- Meaningful alerts start with naming the components and sub-components of a system appropriately based on connections with other equipment and physical location or relevance. SPM allows access into the depths of the Server Technology CDU for convenient naming of infeed power connections, outlets to rack devices, and environmental sensors. Additionally, groupings of outlets and racks/infeeds allows for larger scale organization of equipment.
- The alerts are, of course, based on thresholds that describe the in-bound / out-of-bound conditions of particular power and environmental measurements. These are best set with the culture of the organization in mind. That is, set them initially lax or tight based on whether it is better to receive under-alerting or over-alerting. Then, most importantly, review those threshold levels on a regular basis to keep your system in tune with the organizational goals.
- Finally, SPM will provide its alerting through email. Be sure to set these to send to the right personnel, and only the right personnel.
- Once you get that alert, it then becomes incumbent upon you to identify what led up to the condition of concern. SPM provides trending and reporting of all critical values for these purposes.
- Create meaningful trends within SPM to display the critical power and environmental parameters. The trending configurator allows for multiple point metrics, overlaying of time periods, and overlaying of different types of metrics such as temperature with power.
- Once an event has occurred, it can be quite useful to keep a close eye on that particular section of the data center or particular equipment. SPM’s built-in live-updating Views configurator will allow each user, no matter their responsibility to see what is happening in the data center while performing their everyday tasks.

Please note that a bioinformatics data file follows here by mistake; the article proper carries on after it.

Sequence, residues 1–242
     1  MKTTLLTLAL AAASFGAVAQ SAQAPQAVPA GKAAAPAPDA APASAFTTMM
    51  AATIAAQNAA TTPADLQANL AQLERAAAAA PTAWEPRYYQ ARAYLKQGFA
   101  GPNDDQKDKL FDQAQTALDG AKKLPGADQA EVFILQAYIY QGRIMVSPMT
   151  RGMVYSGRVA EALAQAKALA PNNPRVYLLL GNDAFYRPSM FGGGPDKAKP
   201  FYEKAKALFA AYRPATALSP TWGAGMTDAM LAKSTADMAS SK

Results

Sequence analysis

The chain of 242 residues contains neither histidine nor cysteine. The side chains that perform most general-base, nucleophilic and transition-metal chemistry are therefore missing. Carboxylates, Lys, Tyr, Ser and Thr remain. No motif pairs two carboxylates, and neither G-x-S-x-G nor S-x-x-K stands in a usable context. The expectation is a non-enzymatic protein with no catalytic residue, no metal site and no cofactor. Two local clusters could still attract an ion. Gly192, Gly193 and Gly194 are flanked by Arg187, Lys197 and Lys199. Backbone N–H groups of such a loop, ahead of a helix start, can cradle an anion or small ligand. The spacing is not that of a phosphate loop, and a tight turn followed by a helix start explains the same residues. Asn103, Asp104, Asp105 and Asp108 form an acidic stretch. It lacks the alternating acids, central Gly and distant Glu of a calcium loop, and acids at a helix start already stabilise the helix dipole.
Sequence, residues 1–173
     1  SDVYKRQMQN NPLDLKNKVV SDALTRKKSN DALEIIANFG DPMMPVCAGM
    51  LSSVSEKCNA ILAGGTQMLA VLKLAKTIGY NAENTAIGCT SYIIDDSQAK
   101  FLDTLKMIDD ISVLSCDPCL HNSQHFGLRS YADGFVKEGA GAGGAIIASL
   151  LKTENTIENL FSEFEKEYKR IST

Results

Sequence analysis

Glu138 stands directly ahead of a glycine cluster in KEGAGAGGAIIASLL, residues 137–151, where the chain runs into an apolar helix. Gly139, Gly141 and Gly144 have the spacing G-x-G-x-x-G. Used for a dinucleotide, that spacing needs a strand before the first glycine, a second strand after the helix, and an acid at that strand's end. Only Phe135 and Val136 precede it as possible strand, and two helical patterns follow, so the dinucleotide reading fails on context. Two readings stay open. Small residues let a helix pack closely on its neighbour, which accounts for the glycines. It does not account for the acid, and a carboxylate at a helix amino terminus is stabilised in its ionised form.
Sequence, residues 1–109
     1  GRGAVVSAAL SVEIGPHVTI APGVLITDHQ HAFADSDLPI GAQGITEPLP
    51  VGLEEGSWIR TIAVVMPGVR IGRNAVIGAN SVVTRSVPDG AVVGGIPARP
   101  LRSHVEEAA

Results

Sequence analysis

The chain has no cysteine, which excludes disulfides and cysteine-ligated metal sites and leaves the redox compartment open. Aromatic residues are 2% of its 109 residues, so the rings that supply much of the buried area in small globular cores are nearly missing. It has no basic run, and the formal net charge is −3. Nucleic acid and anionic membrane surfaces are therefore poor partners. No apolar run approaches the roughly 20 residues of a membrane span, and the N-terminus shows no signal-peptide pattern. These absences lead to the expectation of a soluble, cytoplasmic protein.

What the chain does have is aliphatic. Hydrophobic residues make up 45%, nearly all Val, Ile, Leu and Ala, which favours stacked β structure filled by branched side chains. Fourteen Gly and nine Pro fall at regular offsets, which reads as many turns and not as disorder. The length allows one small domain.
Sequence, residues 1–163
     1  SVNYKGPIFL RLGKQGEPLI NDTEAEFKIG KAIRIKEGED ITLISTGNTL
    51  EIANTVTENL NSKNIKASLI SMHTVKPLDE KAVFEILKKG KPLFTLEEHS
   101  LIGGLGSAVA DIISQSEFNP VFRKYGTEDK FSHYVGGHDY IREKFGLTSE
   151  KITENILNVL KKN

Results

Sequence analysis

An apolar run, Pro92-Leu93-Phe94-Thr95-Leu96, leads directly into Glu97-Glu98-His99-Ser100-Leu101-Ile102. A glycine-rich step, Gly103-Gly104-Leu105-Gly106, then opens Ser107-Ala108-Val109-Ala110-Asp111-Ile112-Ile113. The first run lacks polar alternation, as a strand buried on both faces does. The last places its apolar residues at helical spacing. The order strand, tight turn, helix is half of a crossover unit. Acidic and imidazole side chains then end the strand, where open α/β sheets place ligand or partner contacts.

- Continuing on the proactive discussion, any trends and reports you build for understanding recent events can be, in turn, set to a scheduled email to keep you informed of conditions that may be approaching alert again.
- Returning to the concept that most downtime in the data center is due to human error, an analysis of what happened leads to the question of “who did what?” and “what can we do better?”
- The first step to accountability and traceability is to assign appropriate user rights to personnel interacting with SPM. Authentication can be setup using LDAP(S) or TACACS+ like most other network software. Additionally, setup user rights within SPM to be sure that only the right people have access to make changes to the system or to control CDU outlets or configurations.
- When an alert occurs that could be personnel related, be sure to check the SPM logs for event details and times.
- Finally, SPM can help avoid certain personnel errors through scheduling maintenance outlet control actions. This can be particularly useful when the desire is to be sure that certain equipment is powered up at particular times.